rechargeable battery problem

Discussion in 'The Projects Forum' started by xeroshady, Oct 13, 2012.

  1. xeroshady

    Thread Starter New Member

    Aug 1, 2012
    hey guys, I'm designing a circuit that requires a rechargeable battery, but I have a problem.

    Please see attached image.

    When I disconnect the rechargeable battery, the LED glows. But when I connect the battery, the LED switches off, possibly because the rechargeable battery shorts the circuit. I want the LED to glow and the rechargeable battery to get recharged at the same time. I think the solar panel can provide enough juice for that. So, what am I doing wrong?
  2. ErnieM

    AAC Fanatic!

    Apr 24, 2011
    Obviously the battery cannot turn the LED on. It's voltage is too low.

    The way you have the diode makes the panel voltage higher then the battery voltage: you could try the LED back there.

    You may need to add several diodes in series to boost this voltage back closer to it's 5V open circuit value
  3. Dodgydave

    AAC Fanatic!

    Jun 22, 2012
    You could put the led in series like this, then it will light when its charging.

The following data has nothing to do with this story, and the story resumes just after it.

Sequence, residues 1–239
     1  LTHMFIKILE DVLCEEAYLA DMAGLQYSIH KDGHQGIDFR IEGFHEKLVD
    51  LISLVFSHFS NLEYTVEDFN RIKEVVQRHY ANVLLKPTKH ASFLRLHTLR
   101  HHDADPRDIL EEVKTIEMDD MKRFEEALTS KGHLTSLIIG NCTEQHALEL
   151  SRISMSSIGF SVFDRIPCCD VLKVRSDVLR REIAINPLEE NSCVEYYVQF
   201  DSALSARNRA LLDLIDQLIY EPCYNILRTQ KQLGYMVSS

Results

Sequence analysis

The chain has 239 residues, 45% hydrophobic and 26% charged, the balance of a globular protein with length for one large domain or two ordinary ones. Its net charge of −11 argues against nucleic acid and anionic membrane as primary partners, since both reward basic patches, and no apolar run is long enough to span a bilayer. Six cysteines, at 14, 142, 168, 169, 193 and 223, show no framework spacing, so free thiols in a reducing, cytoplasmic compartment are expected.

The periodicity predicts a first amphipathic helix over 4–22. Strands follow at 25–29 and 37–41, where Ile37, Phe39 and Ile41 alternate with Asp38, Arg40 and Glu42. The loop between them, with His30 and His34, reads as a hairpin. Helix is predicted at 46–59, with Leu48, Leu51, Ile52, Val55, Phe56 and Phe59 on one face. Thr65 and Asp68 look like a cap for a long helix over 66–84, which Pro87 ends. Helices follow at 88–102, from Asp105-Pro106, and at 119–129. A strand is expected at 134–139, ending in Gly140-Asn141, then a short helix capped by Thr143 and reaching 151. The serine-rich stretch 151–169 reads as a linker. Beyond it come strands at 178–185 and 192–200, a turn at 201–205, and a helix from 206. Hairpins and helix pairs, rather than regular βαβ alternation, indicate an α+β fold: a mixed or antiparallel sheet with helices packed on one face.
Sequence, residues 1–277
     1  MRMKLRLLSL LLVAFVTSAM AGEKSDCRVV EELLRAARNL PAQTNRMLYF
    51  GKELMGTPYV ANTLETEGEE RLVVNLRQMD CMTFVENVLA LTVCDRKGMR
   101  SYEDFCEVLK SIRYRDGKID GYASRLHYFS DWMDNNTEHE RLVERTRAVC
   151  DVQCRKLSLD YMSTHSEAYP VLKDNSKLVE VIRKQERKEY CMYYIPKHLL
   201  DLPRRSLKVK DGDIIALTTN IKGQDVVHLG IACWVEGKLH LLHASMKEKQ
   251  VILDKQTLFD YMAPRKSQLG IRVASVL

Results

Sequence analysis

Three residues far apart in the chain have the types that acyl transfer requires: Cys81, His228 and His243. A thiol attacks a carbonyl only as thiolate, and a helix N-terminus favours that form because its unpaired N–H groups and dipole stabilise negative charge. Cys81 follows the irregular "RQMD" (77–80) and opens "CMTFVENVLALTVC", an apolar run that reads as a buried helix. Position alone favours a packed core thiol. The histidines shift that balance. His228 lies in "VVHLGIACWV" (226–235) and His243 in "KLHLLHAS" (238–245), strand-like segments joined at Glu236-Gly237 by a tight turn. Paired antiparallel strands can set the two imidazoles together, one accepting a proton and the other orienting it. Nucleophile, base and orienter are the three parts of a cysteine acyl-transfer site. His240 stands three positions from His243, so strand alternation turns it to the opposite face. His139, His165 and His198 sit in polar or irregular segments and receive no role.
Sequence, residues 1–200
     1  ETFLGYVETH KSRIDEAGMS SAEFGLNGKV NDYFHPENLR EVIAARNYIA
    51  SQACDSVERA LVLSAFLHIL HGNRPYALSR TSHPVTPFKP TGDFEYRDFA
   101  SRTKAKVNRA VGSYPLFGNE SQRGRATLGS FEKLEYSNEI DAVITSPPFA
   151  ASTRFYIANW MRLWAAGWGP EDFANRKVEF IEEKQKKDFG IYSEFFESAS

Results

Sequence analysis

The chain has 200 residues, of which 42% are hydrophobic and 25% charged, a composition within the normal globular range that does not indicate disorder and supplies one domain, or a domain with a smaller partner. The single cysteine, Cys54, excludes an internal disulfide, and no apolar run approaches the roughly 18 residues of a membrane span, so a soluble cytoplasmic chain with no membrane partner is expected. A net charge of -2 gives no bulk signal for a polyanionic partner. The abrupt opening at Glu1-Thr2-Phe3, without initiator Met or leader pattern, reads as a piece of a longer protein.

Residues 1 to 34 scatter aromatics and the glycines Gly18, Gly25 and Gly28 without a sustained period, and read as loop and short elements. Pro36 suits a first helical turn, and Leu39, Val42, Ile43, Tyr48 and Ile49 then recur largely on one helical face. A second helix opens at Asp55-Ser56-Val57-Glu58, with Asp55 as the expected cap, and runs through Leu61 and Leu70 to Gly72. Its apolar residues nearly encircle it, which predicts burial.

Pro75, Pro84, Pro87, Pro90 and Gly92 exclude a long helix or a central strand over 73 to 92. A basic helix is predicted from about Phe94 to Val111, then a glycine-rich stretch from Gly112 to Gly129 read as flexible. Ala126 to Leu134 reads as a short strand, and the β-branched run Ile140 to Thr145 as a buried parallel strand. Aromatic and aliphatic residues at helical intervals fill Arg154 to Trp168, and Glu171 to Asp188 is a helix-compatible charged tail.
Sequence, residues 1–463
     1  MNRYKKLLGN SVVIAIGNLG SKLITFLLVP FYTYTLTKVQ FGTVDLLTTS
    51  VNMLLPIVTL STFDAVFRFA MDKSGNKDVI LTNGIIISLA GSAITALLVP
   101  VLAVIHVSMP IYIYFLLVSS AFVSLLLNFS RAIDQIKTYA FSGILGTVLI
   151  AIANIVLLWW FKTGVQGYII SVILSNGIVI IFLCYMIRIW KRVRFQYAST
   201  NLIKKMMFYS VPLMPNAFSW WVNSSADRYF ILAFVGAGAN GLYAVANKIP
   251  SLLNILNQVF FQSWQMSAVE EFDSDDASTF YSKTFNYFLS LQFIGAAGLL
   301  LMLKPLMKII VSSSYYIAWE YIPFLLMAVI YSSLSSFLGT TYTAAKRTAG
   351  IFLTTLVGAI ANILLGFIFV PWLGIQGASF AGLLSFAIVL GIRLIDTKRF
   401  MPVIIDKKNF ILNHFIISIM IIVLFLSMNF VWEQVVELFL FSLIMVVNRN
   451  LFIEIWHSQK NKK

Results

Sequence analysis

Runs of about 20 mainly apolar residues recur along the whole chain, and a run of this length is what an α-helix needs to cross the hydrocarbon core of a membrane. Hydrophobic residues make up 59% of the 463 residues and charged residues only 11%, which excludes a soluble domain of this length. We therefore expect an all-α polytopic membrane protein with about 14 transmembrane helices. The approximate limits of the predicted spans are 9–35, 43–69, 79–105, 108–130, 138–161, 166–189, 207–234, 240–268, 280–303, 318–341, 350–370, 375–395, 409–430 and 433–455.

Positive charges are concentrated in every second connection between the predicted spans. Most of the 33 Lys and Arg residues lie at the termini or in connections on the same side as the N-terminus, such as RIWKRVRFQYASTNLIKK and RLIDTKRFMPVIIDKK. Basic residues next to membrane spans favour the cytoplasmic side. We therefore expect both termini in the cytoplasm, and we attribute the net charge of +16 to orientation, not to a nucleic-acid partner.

(B1 is the solar Cell, V1 is the Battery)
  4. Audioguru


    Dec 20, 2007
    You must tell us the details:
    1) What type of battery? Lead-acid, Ni-Cad, Ni-MH or Lithium?
    2) How many cells in series is the battery?
    3) Is the battery very old or is it dead?
  5. NFA Fabrication

    Active Member

    Aug 12, 2012
    I was just gonna say, the battery has to have a voltage lower than what will run the LED. And when the battery is connected, it is pulling the circuit voltage lower because it will obviously over power the solar cell.
  6. xeroshady

    Thread Starter New Member

    Aug 1, 2012
    2 Ni-MH rechargeable batteries in series. It's brand new, but I don't know if it's dead because it might just need recharging, and that isn't working out either.

    NFA Fabrication:
    So, how do I overcome that problem? Use less powerful batteries?

    Thanks, I'll check if it works and get back to you
  7. Audioguru


    Dec 20, 2007
    Two charged Ni-MH cells in series are about 1.25V each which is a total of 2.5V.
    A fairly dim old green LED needs about 2.2V so it might light but a very bright modern green LED (usually in a clear case) needs about 3.3V so it will never light from that low voltage battery. Yes, the battery reduces the voltage from the solar panel.